Florida grew by more than 125,000 residents in every year from 1950 to 2008. In 2009 it is estimated that Florida added 21,285 residents with its total population increasing from 18,750,483 on April 1, 2009, to 18,771,768 on April 1, 2010.
Foreign immigration continues to be relatively strong, and the state also continues to have substantially more births than deaths – the drivers of Florida’s growth in the last year.
The largest population gains were in some of the biggest counties. Miami-Dade led by adding an estimated 8,253 residents, followed by Hillsborough, 6,353, and Broward, 5,834.
The county with the biggest percentage increase was Lafayette, which grew by 5.2%, but that change was largely attributed to the addition of state prison inmates. There was no pattern to which counties lost population, which were spread throughout the state and include both large urban counties and small rural counties.
The largest population decline was in Seminole County, which lost 3,659 residents, followed by Pinellas, 3,119, and Volusia, 2,055. In percentage terms, the county with the biggest decline was Glades, followed by Jackson and Holmes.
The Bureau expects Florida’s population to continue to grow slowly during the next year or two, however within the next 10 to 20 years, the state’s annual population growth could be as high as 250,000.
From 2003 to 2006, Florida’s population grew by more than 400,000 per year, and in the previous three decades increases averaged about 300,000 per year.
Between 2000 and 2010, the counties that grew the most in absolute numbers were Miami-Dade, Orange and Hillsborough. Flagler had the highest growth rate, 90.4%, followed by Sumter, 82.6%, Osceola, 59.8%, St. Johns, 50.6%, and Wakulla, 41.7%.
The population figures are interim estimates that will be replaced by numbers from the 2010 census when they become available early next year.
Commercial Conditions Favor Business Growth
According to Lawrence Yun, National Association of Realtors (NAR) chief economist, the fallout from the recession continues to impact commercial real estate.
Vacancy rates are beginning to level off in some sectors, but rent discounts and moderate levels of landlord concessions are widespread. As a result we are very much in a tenant’s market which is quite favorable for businesses that are considering expansion.
Looking at the overall market, vacancy rates will shift modestly in the coming year according to NAR’s latest COMMERCIAL REAL ESTATE OUTLOOK. The NAR forecast for four major commercial sectors analyzes quarterly data in the office, industrial, retail, and multifamily markets. Historic data were provided by CBRE Econometric Advisors.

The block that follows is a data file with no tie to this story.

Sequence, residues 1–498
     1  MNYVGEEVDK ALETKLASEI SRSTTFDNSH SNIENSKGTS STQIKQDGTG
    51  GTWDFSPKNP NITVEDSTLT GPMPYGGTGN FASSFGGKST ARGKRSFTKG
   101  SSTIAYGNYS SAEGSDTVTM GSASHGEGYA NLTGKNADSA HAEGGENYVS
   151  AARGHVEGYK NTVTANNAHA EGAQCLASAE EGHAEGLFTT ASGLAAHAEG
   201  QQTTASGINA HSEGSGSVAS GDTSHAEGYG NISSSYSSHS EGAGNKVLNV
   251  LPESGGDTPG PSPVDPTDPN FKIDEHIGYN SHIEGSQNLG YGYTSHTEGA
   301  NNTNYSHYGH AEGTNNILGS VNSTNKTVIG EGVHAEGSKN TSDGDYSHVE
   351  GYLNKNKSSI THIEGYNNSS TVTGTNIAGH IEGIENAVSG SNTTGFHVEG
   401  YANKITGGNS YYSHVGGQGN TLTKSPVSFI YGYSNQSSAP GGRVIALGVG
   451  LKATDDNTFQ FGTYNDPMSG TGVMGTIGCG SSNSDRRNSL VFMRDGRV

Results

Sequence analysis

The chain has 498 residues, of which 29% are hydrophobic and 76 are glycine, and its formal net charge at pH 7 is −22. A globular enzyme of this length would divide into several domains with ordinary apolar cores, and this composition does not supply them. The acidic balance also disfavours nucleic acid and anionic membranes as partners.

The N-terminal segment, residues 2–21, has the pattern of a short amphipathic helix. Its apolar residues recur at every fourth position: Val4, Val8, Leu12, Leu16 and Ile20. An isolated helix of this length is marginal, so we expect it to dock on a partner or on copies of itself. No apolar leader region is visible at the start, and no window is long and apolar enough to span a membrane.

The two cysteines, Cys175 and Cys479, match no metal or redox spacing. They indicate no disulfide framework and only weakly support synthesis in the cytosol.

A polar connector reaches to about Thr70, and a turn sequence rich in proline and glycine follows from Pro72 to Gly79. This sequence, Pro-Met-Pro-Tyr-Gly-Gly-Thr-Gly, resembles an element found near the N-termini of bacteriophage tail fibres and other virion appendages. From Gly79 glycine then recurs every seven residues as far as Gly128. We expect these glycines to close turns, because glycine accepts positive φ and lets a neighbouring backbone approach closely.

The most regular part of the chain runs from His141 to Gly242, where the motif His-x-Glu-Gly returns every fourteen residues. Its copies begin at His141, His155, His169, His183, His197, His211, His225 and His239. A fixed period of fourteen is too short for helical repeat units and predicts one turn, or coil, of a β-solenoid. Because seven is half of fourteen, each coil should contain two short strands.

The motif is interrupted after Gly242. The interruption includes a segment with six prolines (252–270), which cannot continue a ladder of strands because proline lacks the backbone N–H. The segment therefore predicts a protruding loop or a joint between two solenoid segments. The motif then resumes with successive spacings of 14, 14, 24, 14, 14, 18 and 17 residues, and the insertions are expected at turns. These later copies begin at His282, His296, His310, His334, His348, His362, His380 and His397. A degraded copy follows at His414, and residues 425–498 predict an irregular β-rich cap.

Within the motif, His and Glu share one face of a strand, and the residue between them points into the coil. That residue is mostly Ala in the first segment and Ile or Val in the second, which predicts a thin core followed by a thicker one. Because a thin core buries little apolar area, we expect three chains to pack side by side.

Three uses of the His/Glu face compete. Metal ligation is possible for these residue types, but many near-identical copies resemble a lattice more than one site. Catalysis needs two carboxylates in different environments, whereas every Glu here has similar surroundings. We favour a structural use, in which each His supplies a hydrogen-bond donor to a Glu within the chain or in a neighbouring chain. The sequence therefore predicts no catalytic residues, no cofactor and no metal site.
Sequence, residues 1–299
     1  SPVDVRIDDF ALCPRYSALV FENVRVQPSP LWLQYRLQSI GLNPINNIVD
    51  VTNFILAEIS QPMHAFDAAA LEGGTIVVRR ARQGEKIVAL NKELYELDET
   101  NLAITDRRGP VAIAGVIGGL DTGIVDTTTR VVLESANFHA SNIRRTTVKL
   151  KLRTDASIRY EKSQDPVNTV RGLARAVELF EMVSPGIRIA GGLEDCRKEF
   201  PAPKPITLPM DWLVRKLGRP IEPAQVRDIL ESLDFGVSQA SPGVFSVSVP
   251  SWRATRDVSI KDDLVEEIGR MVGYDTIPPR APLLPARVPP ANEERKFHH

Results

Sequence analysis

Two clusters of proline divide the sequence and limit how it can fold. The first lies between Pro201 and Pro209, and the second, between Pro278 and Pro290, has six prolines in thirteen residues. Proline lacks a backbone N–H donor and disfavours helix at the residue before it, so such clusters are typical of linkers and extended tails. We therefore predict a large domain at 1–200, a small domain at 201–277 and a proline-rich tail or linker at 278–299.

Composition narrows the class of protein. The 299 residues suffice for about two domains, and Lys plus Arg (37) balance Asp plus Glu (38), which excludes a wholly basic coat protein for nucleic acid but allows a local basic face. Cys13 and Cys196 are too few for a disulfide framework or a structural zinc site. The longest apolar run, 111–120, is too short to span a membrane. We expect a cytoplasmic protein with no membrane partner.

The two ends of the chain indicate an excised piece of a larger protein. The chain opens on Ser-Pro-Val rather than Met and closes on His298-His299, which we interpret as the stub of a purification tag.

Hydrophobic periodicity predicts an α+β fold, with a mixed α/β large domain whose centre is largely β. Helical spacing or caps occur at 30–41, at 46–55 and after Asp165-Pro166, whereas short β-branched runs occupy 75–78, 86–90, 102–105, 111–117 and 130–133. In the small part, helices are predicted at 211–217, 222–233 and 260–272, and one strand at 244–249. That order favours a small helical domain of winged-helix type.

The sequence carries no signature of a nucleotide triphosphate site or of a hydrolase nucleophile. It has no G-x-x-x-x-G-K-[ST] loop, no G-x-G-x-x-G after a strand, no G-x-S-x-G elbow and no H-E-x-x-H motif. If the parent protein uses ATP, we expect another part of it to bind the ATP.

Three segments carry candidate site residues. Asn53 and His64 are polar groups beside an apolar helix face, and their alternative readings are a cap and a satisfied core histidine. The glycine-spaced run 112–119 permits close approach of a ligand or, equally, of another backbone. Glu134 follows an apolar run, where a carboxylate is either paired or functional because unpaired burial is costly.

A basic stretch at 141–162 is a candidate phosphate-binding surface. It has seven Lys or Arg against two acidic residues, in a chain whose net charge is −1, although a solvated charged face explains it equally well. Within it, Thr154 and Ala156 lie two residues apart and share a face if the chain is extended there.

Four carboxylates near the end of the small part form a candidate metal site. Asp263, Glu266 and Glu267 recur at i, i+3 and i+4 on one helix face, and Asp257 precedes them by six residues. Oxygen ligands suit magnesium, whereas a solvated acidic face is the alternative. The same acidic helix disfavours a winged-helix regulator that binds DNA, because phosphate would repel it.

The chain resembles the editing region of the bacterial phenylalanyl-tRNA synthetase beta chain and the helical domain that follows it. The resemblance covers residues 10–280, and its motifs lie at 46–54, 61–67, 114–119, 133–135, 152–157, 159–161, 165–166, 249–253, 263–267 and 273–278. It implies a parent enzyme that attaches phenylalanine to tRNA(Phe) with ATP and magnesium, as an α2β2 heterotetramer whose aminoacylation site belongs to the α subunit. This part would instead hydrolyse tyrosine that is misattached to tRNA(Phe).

Vacancy rates in the office sector, with high levels of available sublease space, are expected to increase from 16.7% in the second quarter of this year to 17.0% in the second quarter of 2011, and then ease later next year. The markets with the lowest office vacancy rates in the second quarter were New York City, Honolulu and Long Island, N.Y., with vacancies around the 9 to 11% range.
Annual office rent should fall 2.7% this year and decline another 2.1% in 2011. In 57 markets tracked, net absorption of office space, which includes the leasing of new space coming on the market as well as space in existing properties, is projected to be a negative 13.6 million square feet this year and then a positive 22.6 million in 2011.
Industrial vacancy rates are likely to decline from 14.1% in the second quarter of 2010 to 13.7% in the second quarter of 2011, and then continue to ease modestly as the year progresses.
The areas with the lowest industrial vacancy rates in the second quarter were Los Angeles, San Francisco, and Kansas City, with vacancies ranging between 8 and 11%.
Annual industrial rent is estimated to drop 5.4% this year, and to decline another 4.7% in 2011. Net absorption of industrial space in 58 markets tracked is seen at a negative 31.7 million square feet this year and a positive 157.2 million in 2011.
Retail vacancy rates should hold steady at 13.1% in both the second quarter of this year and in the second quarter of 2011, with a level pattern for most of next year.
Markets with the lowest retail vacancy rates in the second quarter include San Francisco, Honolulu, and Miami, with vacancies of 7 to 8%. Average retail rent is expected to decline 2.6% in 2010 and then flatten out, slipping 0.1% next year. Net absorption of retail space in 53 tracked markets is forecast to be a negative 2.3 million square feet this year and then a positive 6.4 million in 2011.
The apartment rental market – multifamily housing – is benefiting from modestly higher demand. Multifamily vacancy rates are likely to decline from 6.0% in the second quarter of this year to 5.6% in the second quarter of 2011.
Areas with the lowest multifamily vacancy rates in the second quarter include San Jose, Calif.; Pittsburgh; and Philadelphia, with vacancies of less than 4%.
With additions from new construction, average rent should slip 0.6% in 2010, and then hold even in 2011. Multifamily net absorption is expected to be 105,200 units in 59 tracked metro areas this year, and another 138,000 in 2011.
Posted by Scott R. Lodde